Three-quarters (73%) of employees say that recognition motivates them to do a better job, research finds.
According to the second annual Globoforce UK Workforce Mood Tracker of 1,000 employees, recognition was was the most important part of a job to one-fifth of respondents - who ranked it higher than job title. Over three-quarters (77%) said they liked to have their efforts at work recognised.
Further findings revealed that failure to show appreciation for employees' hard work could have a negative impact on employee motivation and retention with 29% of workers saying they had left a job because they were not recognised for the work they do. Over four in 10 (42%) stated they were looking for a new job due to a lack of recognition in their current role.
Earlier this month, research revealed that recognition was the top engagement driver for HR directors, while further research published in August found that being thanked was the second most valued benefit by employees after a pay rise.
Employees' antipathy towards executive bonuses also appeared to remain strong, with 81% of respondents saying that recognition and reward should be distributed more fairly through organisations, instead of being confined to senior executives. Employees demonstrated a preference over a frequent recognition (45%) versus a yearly bonus.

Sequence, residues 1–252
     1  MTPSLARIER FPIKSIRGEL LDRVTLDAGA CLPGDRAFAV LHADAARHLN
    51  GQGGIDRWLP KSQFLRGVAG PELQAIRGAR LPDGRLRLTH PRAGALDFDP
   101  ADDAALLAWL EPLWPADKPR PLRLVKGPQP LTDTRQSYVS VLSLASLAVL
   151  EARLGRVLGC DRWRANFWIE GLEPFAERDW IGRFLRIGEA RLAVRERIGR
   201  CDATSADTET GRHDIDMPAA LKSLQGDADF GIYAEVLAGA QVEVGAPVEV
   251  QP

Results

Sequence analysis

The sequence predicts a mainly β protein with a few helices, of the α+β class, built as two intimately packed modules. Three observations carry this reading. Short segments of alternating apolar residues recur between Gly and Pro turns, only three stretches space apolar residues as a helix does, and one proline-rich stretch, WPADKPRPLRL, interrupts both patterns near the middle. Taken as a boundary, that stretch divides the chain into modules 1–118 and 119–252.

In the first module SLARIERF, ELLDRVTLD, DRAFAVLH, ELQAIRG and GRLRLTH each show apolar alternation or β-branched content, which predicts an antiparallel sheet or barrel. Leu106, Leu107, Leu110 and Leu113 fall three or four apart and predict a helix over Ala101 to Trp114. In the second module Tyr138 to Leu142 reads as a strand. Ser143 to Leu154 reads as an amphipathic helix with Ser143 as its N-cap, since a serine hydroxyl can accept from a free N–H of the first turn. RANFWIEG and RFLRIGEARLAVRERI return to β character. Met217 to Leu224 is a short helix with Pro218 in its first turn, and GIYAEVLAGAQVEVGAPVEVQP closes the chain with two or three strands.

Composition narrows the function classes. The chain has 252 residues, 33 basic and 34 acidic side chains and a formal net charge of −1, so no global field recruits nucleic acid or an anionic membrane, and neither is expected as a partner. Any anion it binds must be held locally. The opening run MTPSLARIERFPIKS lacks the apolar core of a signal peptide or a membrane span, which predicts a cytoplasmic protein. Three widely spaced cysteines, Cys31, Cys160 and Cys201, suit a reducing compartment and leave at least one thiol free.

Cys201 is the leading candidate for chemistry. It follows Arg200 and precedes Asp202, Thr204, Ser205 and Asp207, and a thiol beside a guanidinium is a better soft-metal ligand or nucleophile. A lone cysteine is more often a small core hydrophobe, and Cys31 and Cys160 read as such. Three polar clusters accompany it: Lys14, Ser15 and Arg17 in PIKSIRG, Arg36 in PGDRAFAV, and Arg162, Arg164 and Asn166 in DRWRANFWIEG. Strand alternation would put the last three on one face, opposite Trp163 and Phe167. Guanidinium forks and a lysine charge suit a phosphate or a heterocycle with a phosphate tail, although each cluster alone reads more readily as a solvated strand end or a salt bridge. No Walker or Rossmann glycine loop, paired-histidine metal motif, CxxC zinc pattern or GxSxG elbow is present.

Annual performance reviews were also found to be failing to sufficiently engage with UK employees.
Two-thirds (66%) of UK workers did not believe that yearly performance reviews were an accurate appraisal of their work, with more than three-quarters placing greater value on their colleagues' opinion as opposed to managerial feedback alone.
Over four in ten (44%) employees felt that annual performance reviews failed to motivate them, while two-thirds (65%) actively disliked the process.
When questioned about the potential of adding crowdsourced data to the review process, almost half (47%) believe a more accurate picture of performance would result.
Globoforce client strategy and consulting vice president Derek Irvine said: "The survey shows that traditional performance reviews are failing to depict a true picture of performance. The opportunity exists for employers to incorporate more collaborative ways to acknowledge workers' efforts. Crowdsourcing provides employees with feedback that is much more accurate, and is an approach workers are prepared to embrace."
Almost half said so
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